If you need to leave bags, luggage etc in London whilst sight seeing then I find that the short trek down to the Victoria Coach Station from the train station is worth a saving of approximately £4 on a small backpack left for over 2hrs.
For more information:
The underground has a long and interesting history, with some parts of it being over a century old! A nice thing to do if you have time is to get a one day travel card and go and explore!
On some platforms there is some lovely artwork to be seen, namely Gloucester Road and Charing Cross. You can also look into yesteryear by trying to locate the original station for the British Museum, which is found in the tube tunnel between Holborn and Tottenham Court Road (Central line). You could also try and see if you can see the old Lords Station, near St Johns Wood (Metropolitan line)
I haven?t seen them yet, I guess being a commuter doesn?t allow me the pleasures of much free time on the tube. But I will do this one day for sure!
Favorite thing: Buying the London A-Z map guide was one of the best investments I made. It saved me so many times when I took a wrong turn. There is no need to buy them ahead of time, they're available in every souvenir and convience shop in London at a fair price. I think the spiral bound editions are best, but I got around well enough with my paperback edition. This book also includes a London rail map, a cinema and theatre map, and a Tube map.
The Millenium Wheel
Fondest memory: The views across River Thames...
How the new blends in with the old.. both holding their own, and attracting their own following.. eg St Pauls Cathedral, and Swiss Reinsurance 'gherkin' tower !
The tranquillity delivered by the gorgeous & ample River Thames.
The layout of Heathrow airport is huge. If you're used to US airports like LAX, McCarran and SFO like I am, then Heathrow will give you a workout. The most important thing I can say is to get a free luggage cart the first time you see one and put all your luggage on it, trust me, even if you have luggage with wheels, you will want the cart!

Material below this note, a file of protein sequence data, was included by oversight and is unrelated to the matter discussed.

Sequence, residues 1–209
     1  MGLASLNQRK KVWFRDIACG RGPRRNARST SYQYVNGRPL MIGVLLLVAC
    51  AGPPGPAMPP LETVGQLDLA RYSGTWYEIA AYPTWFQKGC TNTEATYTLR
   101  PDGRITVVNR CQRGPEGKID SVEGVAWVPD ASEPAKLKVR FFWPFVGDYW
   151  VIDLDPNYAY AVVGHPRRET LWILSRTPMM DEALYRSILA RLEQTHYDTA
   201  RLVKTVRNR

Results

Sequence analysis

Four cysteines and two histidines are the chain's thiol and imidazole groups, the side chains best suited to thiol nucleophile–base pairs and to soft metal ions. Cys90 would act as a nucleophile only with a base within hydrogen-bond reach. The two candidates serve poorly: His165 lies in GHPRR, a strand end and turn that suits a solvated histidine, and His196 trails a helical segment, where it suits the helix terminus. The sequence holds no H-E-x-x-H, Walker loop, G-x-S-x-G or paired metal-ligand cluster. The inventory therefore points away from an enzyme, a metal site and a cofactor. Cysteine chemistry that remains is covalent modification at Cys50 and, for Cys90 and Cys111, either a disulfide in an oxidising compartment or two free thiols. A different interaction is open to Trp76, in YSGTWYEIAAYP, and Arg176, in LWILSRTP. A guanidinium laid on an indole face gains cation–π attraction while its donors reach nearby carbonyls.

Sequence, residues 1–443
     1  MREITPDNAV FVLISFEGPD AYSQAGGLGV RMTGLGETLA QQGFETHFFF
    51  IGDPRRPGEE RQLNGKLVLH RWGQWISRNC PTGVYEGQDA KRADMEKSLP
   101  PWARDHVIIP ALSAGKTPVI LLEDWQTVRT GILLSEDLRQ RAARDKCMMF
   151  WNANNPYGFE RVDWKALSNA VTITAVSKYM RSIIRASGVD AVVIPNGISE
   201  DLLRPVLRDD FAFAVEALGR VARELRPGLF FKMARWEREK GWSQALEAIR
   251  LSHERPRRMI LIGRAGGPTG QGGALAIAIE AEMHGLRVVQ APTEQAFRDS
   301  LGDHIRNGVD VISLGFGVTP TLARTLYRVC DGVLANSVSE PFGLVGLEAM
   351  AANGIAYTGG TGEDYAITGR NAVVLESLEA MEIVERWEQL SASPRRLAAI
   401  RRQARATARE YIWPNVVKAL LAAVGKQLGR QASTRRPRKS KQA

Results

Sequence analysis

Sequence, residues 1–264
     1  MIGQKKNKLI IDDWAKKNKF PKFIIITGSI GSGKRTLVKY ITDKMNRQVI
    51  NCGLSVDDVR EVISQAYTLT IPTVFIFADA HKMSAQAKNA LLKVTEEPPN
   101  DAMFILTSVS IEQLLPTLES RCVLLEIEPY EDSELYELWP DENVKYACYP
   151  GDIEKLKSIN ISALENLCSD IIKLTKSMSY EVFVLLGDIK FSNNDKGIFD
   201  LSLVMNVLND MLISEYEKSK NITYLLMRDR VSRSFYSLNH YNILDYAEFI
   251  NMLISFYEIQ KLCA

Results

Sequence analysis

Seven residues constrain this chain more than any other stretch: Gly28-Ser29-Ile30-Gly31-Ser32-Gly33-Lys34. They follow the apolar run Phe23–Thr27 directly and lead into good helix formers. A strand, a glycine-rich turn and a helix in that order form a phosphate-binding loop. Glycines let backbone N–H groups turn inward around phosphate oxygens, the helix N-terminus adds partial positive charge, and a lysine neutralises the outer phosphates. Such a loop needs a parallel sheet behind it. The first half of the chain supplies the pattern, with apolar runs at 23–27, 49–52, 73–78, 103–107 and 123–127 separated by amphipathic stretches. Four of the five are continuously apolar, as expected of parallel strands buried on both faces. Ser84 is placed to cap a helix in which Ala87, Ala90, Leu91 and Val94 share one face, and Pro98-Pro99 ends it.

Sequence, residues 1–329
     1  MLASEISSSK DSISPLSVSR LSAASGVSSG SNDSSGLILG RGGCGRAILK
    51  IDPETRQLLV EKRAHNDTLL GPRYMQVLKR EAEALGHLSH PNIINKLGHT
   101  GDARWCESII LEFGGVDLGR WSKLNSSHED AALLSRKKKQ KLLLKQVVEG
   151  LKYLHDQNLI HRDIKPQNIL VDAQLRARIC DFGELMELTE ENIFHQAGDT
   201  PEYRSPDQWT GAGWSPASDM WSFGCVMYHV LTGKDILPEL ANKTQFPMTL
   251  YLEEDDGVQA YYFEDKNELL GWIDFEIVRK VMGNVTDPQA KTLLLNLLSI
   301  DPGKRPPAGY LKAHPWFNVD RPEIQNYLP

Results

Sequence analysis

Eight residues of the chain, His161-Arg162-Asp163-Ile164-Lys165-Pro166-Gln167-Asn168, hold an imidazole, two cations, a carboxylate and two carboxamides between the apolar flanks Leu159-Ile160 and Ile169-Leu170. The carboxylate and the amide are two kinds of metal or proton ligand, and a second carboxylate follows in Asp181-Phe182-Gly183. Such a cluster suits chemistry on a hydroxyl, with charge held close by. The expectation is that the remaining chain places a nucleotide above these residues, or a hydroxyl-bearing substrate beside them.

This goes for arrivals and departures as the walk can be long both ways.
Why do I care? When we flew to Heathrow last week from LAX, it was less than 500 feet from the LAX ticket counter to the security checkpoint, and then less than 300 feet to the gate from security. I'd say that from deplaning at Heathrow to getting to the Heathrow Express, it was a good 1/2 mile...
Don't wear yourself out just getting out of the airport, the carts are free and are there for a reason! Just be carefull on some of the floor areas as they can be slippery and slanted - it can make navigating the cart a bit tricky.
The Tower of London is so very cool. It is so incredibly rich in history that you can say entertained for most of the afternoon. Plus, in combination with the statistics of who all died there and how much royalty graced its walls, if for nothing else - it's just plain cool!
Take a guided tour. The yeoman warders add alot of spice to the tour and it doesn't last but maybe 45 mins. Most of the grounds are open for self guiding.
You can see: The crown jewels, the ravens that guard the grounds superstitiously, artifacts galore, and much much more!
Also - IF YOU ARE INTO THEATRE...you must check out SHAKESPEARE'S GLOBE....I am a theatre major myself - so this was amazing for me. They have restored it to what they believe it was like in its original day. And even for a modern theatre its impecable. Stand on the floor like a groundling for a real show!
Fondest memory: I took a double-decker bus tour through the city. Although I was jet-lagged and kept nodding off, it was incredibly relaxig and took you through most all of London. It was nice b/c I didn't have to mess with actually going to all of those places by foot. I saw what I needed to see and that was that. The weather was magnificent (mid september) and it was all in all just absolutely lovely. This particular tour cost about 16 pounds, and included a river boat tour of the Thames - but I never made it.
Definitely let someone else drive you around and tell you everything you need to know. But by all means - experience some local culture as well.
Have you ever experience or even imagine, those final days when you are in UK and you suddenly realised there is so much to see in London but you miss?
Or for those who coming to London in such a hurry and short trip then i recomended the best solution.
SIGHTSEEING BUS TOUR!
Fondest memory: Get on this hop on hop off anytime anywhere whenever you want.
"Really nice bloke he was........anyway guv...you remember Fred Housego.?...he was one of us cabbies and he won 'Mastermind' once, you want to know why ? You get in one of our cabs and your cabbie has to have the 'knowledge' don't he ? Know what that means ? You must know every bleeding street within six miles of Charing Cross, every bleedin' square, bleedin' club, bleedin' hospital, bleedin' hotel , bleedin' Theatre, government and public building, bleedin' railway station, bleedin' police station, court, bleedin' diplomatic building, bleedin' important places of worship, cemetery, crematoria, park and open space, sports and leisure centre, place of learning, restaurant and bleedin' historic building.
That's why us cabbies are the most knowledgeable cab drivers in the world.
And another thing... they may be called black cabs, but we can paint them whatever bleedin' colour we like.
No I'm going south of the Bloody river, tonight ; I'm on me way home. Goodnight.
oi....guv...where's my tip ?